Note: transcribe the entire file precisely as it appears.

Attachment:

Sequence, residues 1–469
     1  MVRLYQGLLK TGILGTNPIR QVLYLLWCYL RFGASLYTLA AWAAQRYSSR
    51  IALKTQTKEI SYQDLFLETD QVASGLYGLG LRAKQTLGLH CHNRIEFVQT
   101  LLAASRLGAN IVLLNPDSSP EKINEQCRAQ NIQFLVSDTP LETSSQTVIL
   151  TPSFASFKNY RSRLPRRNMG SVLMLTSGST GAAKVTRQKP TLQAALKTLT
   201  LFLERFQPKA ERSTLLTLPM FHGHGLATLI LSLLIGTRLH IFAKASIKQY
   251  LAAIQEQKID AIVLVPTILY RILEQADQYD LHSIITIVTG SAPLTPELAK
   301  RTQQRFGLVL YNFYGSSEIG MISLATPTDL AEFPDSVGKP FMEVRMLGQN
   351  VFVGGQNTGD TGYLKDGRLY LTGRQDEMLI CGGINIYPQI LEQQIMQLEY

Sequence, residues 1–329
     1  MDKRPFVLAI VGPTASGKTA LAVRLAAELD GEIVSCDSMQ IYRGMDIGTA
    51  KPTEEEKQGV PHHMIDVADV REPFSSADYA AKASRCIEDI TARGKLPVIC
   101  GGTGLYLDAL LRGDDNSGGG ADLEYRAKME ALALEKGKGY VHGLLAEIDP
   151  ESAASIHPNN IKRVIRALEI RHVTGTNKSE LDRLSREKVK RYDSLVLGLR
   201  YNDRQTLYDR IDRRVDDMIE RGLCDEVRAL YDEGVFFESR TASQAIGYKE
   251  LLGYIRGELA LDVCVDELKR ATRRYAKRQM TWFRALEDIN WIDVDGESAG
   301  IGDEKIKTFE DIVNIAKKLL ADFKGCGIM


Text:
Sequence, residues 1–469
     1  MVRLYQGLLK TGILGTNPIR QVLYLLWCYL RFGASLYTLA AWAAQRYSSR
    51  IALKTQTKEI SYQDLFLETD QVASGLYGLG LRAKQTLGLH CHNRIEFVQT
   101  LLAASRLGAN IVLLNPDSSP EKINEQCRAQ NIQFLVSDTP LETSSQTVIL
   151  TPSFASFKNY RSRLPRRNMG SVLMLTSGST GAAKVTRQKP TLQAALKTLT
   201  LFLERFQPKA ERSTLLTLPM FHGHGLATLI LSLLIGTRLH IFAKASIKQY
   251  LAAIQEQKID AIVLVPTILY RILEQADQYD LHSIITIVTG SAPLTPELAK
   301  RTQQRFGLVL YNFYGSSEIG MISLATPTDL AEFPDSVGKP FMEVRMLGQN
   351  VFVGGQNTGD TGYLKDGRLY LTGRQDEMLI CGGINIYPQI LEQQIMQLEY

Sequence, residues 1–329
     1  MDKRPFVLAI VGPTASGKTA LAVRLAAELD GEIVSCDSMQ IYRGMDIGTA
    51  KPTEEEKQGV PHHMIDVADV REPFSSADYA AKASRCIEDI TARGKLPVIC
   101  GGTGLYLDAL LRGDDNSGGG ADLEYRAKME ALALEKGKGY VHGLLAEIDP
   151  ESAASIHPNN IKRVIRALEI RHVTGTNKSE LDRLSREKVK RYDSLVLGLR
   201  YNDRQTLYDR IDRRVDDMIE RGLCDEVRAL YDEGVFFESR TASQAIGYKE
   251  LLGYIRGELA LDVCVDELKR ATRRYAKRQM TWFRALEDIN WIDVDGESAG
   301  IGDEKIKTFE DIVNIAKKLL ADFKGCGIM